Style and Technique (Masterplots II: Short Story Series, Revised Edition)
W. W. Jacobs was well known during his lifetime for his light, humorous novels and stories about England’s dockyards but is now remembered only for “The Monkey’s Paw.” Although this story exhibits traces of Jacobs’s characteristic humor and insight into the prosaic lives of his subjects, it seems to have been rejected by The Strand, which regularly published his work. Whatever that magazine’s reservations about its unpleasant content, it is recognized today as one of the best supernatural stories ever written and is frequently anthologized.
“The Monkey’s Paw” is effective not only for what Jacobs does but for what he refrains from doing. A master of economical, unobtrusive prose, he sets a cozy scene—a chess game in front of a fire, a cold and windy night outside—in a few strokes. Only later does one realize how closely the rest of the story recapitulates the elements of this first brief scene, as the Whites make their moves in a fateful and fatal game while the forces of darkness swirl just beyond the comfortable circle of their lives.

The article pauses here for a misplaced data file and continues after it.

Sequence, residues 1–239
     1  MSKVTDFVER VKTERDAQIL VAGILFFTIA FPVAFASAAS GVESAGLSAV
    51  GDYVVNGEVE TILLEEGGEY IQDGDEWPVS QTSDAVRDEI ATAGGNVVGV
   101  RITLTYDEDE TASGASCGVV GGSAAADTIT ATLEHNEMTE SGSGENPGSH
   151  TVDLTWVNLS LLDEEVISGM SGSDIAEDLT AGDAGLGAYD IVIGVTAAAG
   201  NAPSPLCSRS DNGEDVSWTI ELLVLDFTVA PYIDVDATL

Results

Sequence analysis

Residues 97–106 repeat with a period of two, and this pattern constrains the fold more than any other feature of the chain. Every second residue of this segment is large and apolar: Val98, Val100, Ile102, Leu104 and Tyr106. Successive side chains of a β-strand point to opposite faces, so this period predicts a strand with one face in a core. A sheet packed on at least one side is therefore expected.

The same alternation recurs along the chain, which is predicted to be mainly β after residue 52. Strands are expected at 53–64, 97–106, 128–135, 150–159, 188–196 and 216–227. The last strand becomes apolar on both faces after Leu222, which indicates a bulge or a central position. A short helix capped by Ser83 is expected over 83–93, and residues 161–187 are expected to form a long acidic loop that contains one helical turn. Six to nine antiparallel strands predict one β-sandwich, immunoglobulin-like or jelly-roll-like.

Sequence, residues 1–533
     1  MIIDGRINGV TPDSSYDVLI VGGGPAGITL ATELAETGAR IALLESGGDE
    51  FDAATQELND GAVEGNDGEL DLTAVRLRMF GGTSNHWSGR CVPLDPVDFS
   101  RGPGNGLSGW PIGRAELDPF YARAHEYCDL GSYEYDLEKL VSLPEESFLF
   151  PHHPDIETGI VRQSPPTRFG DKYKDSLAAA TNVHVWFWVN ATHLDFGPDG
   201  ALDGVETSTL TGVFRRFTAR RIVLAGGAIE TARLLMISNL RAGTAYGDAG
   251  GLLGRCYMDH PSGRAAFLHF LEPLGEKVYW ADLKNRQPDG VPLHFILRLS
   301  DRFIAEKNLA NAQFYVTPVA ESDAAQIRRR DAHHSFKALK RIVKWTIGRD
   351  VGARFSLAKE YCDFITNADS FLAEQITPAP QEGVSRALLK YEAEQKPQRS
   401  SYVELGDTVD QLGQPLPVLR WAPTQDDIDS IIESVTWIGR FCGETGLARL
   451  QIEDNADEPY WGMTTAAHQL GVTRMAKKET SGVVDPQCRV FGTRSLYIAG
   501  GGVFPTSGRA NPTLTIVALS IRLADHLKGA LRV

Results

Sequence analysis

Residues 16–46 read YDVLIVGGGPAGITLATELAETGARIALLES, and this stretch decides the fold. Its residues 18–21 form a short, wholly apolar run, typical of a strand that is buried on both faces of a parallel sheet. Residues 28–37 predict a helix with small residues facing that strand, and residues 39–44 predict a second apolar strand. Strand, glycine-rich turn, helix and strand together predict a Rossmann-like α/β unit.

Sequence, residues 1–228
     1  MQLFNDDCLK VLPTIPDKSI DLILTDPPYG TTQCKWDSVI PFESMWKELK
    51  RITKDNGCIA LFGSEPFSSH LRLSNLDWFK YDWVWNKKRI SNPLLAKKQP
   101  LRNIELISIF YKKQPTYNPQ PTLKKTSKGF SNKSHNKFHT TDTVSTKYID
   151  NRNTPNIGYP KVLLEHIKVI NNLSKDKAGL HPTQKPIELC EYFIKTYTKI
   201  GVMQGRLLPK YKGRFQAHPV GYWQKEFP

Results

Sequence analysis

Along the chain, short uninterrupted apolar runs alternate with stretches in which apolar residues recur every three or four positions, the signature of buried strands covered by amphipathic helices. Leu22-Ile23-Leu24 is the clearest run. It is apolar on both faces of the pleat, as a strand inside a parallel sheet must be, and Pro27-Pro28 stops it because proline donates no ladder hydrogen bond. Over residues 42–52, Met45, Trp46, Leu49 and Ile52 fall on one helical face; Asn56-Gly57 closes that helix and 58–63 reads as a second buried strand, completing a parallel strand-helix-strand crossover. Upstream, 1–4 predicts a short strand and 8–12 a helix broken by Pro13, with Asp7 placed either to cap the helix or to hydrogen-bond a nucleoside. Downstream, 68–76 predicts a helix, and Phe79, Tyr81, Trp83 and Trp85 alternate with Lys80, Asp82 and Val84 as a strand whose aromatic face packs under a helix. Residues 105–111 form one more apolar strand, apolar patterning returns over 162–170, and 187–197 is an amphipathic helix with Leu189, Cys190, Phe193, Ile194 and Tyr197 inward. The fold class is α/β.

Alongside Jacobs’s gently humorous touches are macabre examples of what since has come to be known as black humor. One such moment occurs when the sergeant-major panics at Mrs. White’s suggestion that she be granted extra hands—a wish that the reader later realizes might have had a grotesque fulfillment. Another such moment occurs immediately after Mr. White’s first wish,...
(The entire section is 554 words.)
Want to Read More?
Subscribe now to read the rest of this article. Plus get complete access to 30,000+ study guides!